Monday, December 7, 2009

Playing Serious Chess

When I got to high school, I looked forward to joining the chess club. I had grown up playing against my older brothers and I thought that I was a pretty decent player. In my first couple visits, however, I was crushed in every game I played. I didn’t go back for the rest of my freshman year.

During the summer before my sophomore year, America’s Bobby Fischer beat Russia’s Boris Spassky for the World Chess Championship. For one brief shining moment, chess was cool and hip. A friend of mine got interested in the game and we spent the summer playing chess and following the match. In the fall, we both joined the chess club and eventually worked our way up to 3rd and 4th boards.

I think a lot of the players who come to Prospect High School's chess club are like I was. They have played the game casually for a few years and they have a decent eye for tactics, but they have never thought about most of the things that serious players need to think about. They don’t think about controlling the center developing all their pieces or getting their king to safety. Other than obvious direct threats, they don’t worry about what their opponent is trying to do to them. Perhaps more importantly, they only think hard about some of their moves. Most of the time, they just make the first move that comes into their heads.

I want to say up front that there is absolutely no reason that anyone should take chess more seriously. As far as I am concerned, all chess is good chess. If someone just wants to push the pieces around, that’s fine. That’s the kind of attitude I have towards golf. However, like me, some of these players might find that they might enjoy chess more if they took it a little more seriously and they enjoy out thinking their opponents.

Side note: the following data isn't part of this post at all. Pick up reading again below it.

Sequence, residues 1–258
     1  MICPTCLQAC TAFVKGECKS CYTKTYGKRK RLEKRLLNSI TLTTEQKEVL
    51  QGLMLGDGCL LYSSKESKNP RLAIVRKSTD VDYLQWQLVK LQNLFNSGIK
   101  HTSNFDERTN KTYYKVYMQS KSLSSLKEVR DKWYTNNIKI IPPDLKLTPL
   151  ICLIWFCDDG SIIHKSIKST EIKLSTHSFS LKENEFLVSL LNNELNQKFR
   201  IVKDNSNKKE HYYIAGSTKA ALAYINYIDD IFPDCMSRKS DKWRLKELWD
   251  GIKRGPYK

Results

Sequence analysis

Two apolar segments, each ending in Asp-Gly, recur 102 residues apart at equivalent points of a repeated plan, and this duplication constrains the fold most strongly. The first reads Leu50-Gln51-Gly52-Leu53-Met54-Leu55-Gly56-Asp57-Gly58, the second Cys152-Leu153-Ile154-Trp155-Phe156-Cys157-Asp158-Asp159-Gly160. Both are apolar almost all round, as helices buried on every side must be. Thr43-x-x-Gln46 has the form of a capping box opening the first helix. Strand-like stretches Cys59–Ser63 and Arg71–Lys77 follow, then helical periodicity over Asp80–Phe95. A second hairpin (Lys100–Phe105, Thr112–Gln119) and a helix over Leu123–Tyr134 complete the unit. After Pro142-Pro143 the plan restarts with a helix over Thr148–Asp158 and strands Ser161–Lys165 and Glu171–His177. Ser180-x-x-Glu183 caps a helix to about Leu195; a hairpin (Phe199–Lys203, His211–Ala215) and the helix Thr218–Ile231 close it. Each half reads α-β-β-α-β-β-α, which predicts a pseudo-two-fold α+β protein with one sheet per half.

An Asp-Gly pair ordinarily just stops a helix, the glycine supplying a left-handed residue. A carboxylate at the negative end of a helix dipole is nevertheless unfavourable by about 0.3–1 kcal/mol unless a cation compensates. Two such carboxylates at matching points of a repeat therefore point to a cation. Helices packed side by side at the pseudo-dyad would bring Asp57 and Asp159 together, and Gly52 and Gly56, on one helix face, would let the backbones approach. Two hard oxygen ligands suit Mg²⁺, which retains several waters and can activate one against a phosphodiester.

I wanted to get that all out in the open before I take a look at a couple of the games from the lower boards in Prospect’s match against Rolling Meadows because I cannot help but point out a lot of poor moves. I hope the players won’t take anything I say as a character judgment. I just want to point out the kind of things that they might want to think about if they would like to improve their play.

One of the most important things that the serious player does is to work hard on every move. In many games and sports, it is possible to come back after a lapse in concentration because every point is independent, however, in chess a single oversight can so ruin a position, that chances of recovery are almost non-existent. I often find that casual players are capable of solving a complicated problem when they think it through, but too often they play the first move that occurs to them only to be surprised by their opponent’s response. Serious players think about their opponent’s threats and potential responses on every move.

Respecting Pawns.

One thing I have been noticing a lot this year is a lack of respect for pawns. Most high school games are decided by one of the players overlooking a tactic and dropping a piece so it may be natural to think that pawns don’t matter much. However, in addition to having the potential to become queens, pawns control space, protect the king, and restrict the movements of an opponent’s pieces. They should always be treated with respect.

Neither Prospect’s Tom Hanley nor Meadows’ Daniel Rabbotini showed much respect for pawns in their game on 6th board. It was Tom’s first game in a match and he can feel good about the 3.5 points he got for a draw that provided Prospect’s margin of victory. On the other hand, had he been a little more parsimonious with his pawns, he could have brought home the full point. On the other hand, had Daniel realized the potential of his pawns he might have scored the win.

King Safety.

Another thing that distinguishes the serious player from the casual player is attention to king safety. The serious player takes precautions to protect his king from attack. This usually involves castling; however, castling alone is not enough. The serious player takes care to maintain the pawn cover for his castled king and brings pieces to help in the defense when necessary.

On 7th board, Prospect’s Alex Esau dropped a knight when he overlooked a tactic that many stronger players have missed. After that he castled, however, he castled to the side of the board where his opponent had more space and more pieces. This might not have been fatal though if he hadn’t invited in his opponent’s major pieces by opening the pawn cover in front of his king.

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